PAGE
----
TREASURE ISLAND — A new traffic light or a roundabout that could bar some trucks from entering the city's downtown are just two possible solutions to what city officials and its consultants agree is a dangerous intersection.
Over the past three years, there have been more than 40 accidents on the west side of the Treasure Island Causeway where 104th, 107th and 108th avenues converge.
"There is no question this is an intersection that needs to be addressed," City Manager Reid Silverboard told the City Commission last week.
The problem area is informally called the St. James intersection, named for a nearby condominium.
The intersection has no light and only a short cut-through in the causeway center island to allow traffic to either enter or exit 108th or 104th avenues.
Traffic along the two truck routes and the city's main business street has increased since the new bridge to St. Petersburg was built and tolls were removed.
At times, as many as five cars stack up trying to cross oncoming traffic.
City officials have looked at the intersection for at least the past six years, recognizing that safety improvements need to be made. But the most obvious, installing a traffic light, has been met with resistance.
The most recent study conducted in April found that dangerous conditions merit installation of a traffic signal. But in July, the commission decided it wanted to look at other alternatives.
Now, the commission will spend another $25,000 for an expanded traffic circulation study.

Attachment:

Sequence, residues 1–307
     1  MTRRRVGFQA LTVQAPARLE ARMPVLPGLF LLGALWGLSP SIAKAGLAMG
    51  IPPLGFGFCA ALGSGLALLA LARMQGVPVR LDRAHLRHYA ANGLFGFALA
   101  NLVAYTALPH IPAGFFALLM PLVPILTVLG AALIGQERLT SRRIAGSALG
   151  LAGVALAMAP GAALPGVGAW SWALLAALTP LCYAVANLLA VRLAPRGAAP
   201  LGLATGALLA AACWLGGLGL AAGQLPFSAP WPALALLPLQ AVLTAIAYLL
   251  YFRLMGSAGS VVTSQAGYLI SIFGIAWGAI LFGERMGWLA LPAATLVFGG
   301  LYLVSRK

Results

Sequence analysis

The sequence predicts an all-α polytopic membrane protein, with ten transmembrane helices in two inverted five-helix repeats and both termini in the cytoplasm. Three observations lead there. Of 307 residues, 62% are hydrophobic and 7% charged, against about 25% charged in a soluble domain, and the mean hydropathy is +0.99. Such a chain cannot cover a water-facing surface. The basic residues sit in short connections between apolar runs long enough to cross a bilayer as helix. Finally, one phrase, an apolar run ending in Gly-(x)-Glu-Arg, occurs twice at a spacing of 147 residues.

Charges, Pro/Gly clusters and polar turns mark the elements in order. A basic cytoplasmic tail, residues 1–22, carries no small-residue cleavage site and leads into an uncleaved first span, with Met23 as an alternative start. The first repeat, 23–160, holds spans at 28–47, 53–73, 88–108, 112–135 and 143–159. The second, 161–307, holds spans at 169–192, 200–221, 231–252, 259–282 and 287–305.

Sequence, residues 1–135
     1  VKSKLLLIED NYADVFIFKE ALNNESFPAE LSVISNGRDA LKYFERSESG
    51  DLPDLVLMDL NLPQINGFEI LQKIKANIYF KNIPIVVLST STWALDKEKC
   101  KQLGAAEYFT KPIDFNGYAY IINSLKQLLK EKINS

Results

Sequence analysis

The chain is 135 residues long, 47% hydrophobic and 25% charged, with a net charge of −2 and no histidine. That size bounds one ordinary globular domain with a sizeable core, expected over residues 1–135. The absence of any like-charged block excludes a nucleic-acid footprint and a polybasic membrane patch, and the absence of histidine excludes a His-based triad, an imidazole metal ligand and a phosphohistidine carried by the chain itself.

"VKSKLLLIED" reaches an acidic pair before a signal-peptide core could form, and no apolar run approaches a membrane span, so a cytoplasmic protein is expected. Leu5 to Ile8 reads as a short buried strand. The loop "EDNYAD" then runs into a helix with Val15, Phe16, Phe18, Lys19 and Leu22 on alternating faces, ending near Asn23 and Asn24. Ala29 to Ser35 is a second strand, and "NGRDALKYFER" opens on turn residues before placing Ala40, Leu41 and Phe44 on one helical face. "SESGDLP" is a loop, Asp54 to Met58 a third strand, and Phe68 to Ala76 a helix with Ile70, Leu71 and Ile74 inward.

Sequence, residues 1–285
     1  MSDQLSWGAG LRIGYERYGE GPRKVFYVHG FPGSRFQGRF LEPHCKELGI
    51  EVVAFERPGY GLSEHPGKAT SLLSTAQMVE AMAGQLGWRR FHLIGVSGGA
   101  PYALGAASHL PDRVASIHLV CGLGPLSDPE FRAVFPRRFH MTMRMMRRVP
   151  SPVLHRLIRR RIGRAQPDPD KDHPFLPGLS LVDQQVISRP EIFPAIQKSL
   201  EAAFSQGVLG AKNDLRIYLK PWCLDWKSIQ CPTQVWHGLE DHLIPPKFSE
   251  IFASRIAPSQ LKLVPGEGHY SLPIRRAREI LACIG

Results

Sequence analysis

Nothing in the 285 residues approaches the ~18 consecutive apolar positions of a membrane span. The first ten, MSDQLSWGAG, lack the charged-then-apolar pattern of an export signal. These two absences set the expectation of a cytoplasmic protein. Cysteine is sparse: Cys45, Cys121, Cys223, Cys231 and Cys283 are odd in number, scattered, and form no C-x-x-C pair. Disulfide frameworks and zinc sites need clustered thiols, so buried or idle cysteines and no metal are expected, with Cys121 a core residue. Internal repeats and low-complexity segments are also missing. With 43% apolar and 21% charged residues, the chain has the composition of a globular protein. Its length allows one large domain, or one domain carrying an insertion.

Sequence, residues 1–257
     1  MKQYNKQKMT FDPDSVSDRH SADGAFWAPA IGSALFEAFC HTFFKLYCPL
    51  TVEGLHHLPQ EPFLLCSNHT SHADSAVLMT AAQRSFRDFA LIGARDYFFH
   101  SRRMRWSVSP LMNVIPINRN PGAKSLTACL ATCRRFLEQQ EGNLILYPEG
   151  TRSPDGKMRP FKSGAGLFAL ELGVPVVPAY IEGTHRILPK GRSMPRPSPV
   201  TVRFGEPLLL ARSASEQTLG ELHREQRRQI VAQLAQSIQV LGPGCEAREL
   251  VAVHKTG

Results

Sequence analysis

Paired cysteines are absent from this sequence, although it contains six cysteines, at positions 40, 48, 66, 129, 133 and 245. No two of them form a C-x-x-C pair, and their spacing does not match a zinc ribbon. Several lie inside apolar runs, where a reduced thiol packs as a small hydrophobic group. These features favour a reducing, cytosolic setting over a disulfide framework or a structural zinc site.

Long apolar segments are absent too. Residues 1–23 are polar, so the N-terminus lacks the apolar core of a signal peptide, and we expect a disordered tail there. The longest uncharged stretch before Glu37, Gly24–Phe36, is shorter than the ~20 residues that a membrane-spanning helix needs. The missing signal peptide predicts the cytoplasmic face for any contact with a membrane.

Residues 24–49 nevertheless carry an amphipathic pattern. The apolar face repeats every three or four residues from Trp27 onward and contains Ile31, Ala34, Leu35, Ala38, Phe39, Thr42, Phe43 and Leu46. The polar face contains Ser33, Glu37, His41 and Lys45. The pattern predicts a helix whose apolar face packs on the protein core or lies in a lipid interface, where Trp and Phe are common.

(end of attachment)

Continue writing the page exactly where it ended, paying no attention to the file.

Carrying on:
"We need to look at the entire system and possibly prohibit some traffic movements," Domingo Noriega, a traffic engineer who originally recommended a traffic light, told the commission.
One solution, he said, would be to convert the angled intersection to a traffic circle.
"Not all trucks would be able to make turns at a roundabout, but it would allow all possible traffic movements," Noriega said.
Mayor Bob Minning asked that the new study also examine how bike paths would be routed through the area.
Only Commissioner Phil Collins opposed the new study.
"Frankly, I am opposed to this. If I have a problem with an intersection, I avoid it. Is this really the most dangerous intersection in the city?" he asked.
Just how much installing a light or redesigning the intersection would cost is not yet known.
Alternatives include restricting left turns for some or all approaches to the causeway, rerouting east-turning traffic to First Street and 107th Avenue, and reconfiguring the geometry of the intersection to reduce turn angles.
The eventual recommendations will compare traffic mobility issues with safety, construction and right-of-way costs and impacts on land owners.
"If it is a problem of safety, the sooner the better," commissioner Alan Bildz said in urging the commission approve the study.
An official vote to authorize the study will be made at the commission's Nov. 16 meeting.